Gay married couple sues after daughter denied US citizenship

This undated photo provided by Immigration Equality shows Roee, left, and Adiel Kiviti, right, with their children newborn, Kessem and older brother Lev. The Maryland couple is suing to challenge the State Department's refusal to recognize the U.S. citizenship of their infant daughter, who was born in Canada to a surrogate mother this year. (Courtesy of Adiel and Roee Kiviti/Immigration Equality via AP)

A gay married couple in Maryland is suing to challenge the State Department's refusal to recognize the U.S. citizenship of their infant daughter, who was born in Canada to a surrogate mother this year

COLLEGE PARK, Md. — A gay married couple in Maryland sued Thursday to challenge the State Department's refusal to recognize the U.S. citizenship of their infant daughter, who was born in Canada via a surrogate this year.

The federal lawsuit says a State Department policy discriminates against same-sex married couples and unlawfully treats their children as if they were born out of wedlock.

An attorney for the plaintiffs, Roee Kiviti and Adiel Kiviti, said their suit is at least the fourth such case to challenge the policy.

In February, a federal judge in California ruled that a son of a gay married couple has been a U.S. citizen since his birth. The State Department is appealing that decision. Two other federal cases are pending in Washington, D.C., and Georgia.

The State Department didn't immediately respond to an email seeking comment on the latest suit, which names Secretary of State Mike Pompeo as the lone defendant.

Roee and Adiel Kiviti are naturalized U.S. citizens who were born in Israel. Their daughter, Kessem, was born via gestational surrogacy in Canada in February using Adiel's sperm and a donated egg.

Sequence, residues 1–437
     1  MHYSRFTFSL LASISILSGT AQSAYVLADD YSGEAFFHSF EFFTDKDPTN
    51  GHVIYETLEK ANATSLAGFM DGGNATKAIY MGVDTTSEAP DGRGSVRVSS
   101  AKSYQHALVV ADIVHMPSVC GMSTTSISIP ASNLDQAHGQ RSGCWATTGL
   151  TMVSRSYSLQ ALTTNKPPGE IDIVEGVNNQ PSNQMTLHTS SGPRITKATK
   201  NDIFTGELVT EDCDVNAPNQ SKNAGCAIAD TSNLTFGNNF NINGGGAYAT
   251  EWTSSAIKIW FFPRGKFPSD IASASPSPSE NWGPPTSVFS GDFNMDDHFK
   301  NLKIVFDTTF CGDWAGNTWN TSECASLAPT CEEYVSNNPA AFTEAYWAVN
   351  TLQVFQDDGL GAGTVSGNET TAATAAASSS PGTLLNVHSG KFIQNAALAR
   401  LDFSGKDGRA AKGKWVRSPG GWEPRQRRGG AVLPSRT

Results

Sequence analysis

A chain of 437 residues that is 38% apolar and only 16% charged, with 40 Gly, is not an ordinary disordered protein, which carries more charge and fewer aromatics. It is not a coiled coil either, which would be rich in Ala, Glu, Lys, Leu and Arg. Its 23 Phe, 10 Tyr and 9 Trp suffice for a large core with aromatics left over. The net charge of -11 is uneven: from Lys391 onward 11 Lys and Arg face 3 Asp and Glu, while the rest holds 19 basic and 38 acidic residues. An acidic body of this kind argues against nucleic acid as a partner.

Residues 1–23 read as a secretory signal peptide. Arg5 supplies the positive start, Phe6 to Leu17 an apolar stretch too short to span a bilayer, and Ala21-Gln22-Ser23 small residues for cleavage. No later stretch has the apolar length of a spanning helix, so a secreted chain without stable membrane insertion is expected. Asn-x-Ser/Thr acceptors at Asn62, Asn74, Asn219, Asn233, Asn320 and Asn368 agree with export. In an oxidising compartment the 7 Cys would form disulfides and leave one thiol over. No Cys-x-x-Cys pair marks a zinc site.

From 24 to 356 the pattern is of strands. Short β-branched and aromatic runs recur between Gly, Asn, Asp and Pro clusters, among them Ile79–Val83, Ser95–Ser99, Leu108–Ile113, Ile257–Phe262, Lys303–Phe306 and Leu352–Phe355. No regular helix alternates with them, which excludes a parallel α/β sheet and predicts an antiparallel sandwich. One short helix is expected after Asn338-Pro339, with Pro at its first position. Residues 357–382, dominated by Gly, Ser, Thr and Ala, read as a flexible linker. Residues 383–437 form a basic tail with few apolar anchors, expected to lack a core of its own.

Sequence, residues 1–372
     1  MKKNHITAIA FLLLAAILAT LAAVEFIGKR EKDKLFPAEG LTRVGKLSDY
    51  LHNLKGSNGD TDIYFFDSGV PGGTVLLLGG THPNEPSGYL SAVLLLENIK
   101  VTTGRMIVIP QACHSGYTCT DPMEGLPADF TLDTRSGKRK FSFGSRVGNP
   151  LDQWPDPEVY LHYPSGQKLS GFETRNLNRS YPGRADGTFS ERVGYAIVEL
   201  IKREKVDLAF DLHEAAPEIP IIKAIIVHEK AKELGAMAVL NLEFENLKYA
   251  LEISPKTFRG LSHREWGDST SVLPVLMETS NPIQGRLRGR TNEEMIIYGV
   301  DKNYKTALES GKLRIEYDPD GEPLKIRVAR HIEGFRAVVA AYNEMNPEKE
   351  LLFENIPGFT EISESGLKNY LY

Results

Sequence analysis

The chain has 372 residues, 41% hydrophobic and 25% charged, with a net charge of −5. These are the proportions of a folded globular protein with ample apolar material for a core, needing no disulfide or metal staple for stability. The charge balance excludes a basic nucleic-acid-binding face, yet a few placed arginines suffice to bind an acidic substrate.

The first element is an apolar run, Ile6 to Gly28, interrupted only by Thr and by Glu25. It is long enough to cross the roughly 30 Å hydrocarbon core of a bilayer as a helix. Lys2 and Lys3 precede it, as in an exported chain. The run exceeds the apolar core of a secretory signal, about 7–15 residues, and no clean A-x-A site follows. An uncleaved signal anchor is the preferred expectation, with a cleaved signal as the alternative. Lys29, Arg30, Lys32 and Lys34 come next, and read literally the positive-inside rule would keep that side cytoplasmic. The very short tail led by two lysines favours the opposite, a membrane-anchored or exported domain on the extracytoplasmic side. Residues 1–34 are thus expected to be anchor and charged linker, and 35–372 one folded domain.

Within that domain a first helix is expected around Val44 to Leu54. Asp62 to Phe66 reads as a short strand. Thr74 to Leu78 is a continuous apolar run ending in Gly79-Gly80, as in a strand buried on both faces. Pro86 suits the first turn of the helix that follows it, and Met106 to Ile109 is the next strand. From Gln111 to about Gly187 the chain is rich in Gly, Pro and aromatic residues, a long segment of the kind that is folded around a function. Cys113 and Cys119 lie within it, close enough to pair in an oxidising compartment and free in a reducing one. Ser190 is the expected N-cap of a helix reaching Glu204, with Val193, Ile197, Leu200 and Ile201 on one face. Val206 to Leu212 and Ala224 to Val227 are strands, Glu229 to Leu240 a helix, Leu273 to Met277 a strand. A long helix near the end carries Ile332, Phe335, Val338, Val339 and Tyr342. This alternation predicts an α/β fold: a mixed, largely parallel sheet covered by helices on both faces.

Roee Kiviti, 41, said he and his husband felt their privacy was invaded when a consular officer asked them questions about how their daughter was conceived and born.

"We are the only parents she has ever known. To have that questioned by your own government is very unsettling, to say the least," he said during a telephone interview Thursday.

The State Department determined that Kessem Kiviti isn't a U.S. citizen because Adiel, the only parent with a biological connection to her, hadn't lived in the U.S. long enough to meet a five-year residency requirement under a provision of the Immigration and Naturalization Act, according to the couple's lawsuit. But the five-year requirement is not meant to be applied to the children of married U.S. citizens, the couple's lawyers maintain.

Adiel moved to the U.S. in May 2015 and became a U.S. citizen in January 2019. Roee has lived in the U.S. since 1982 and became a U.S. citizen in 2001. They married in California in 2013 and live with their daughter and 2-year-old son in Chevy Chase, Maryland.

"State Department policy unlawfully denies that the Kiviti family is a family at all," the suit says.

The lawsuit asks the court to rule that Kessem Kiviti has been a U.S. citizen since her birth and seeks an order for the State Department to immediately issue her a passport.

Adiel Kiviti, 40, said the legal challenge consumes precious time that he and his husband could be spending with their children.

"You don't want to have these clouds above your head," he added.

The couple is represented by attorneys from two New York-based legal advocacy groups, Immigration Equality and Lambda Legal Defense and Education Fund Inc., as well as the law firm Morgan Lewis & Bockius. Their case was assigned to U.S. District Judge Theodore Chuang in Greenbelt, Maryland.

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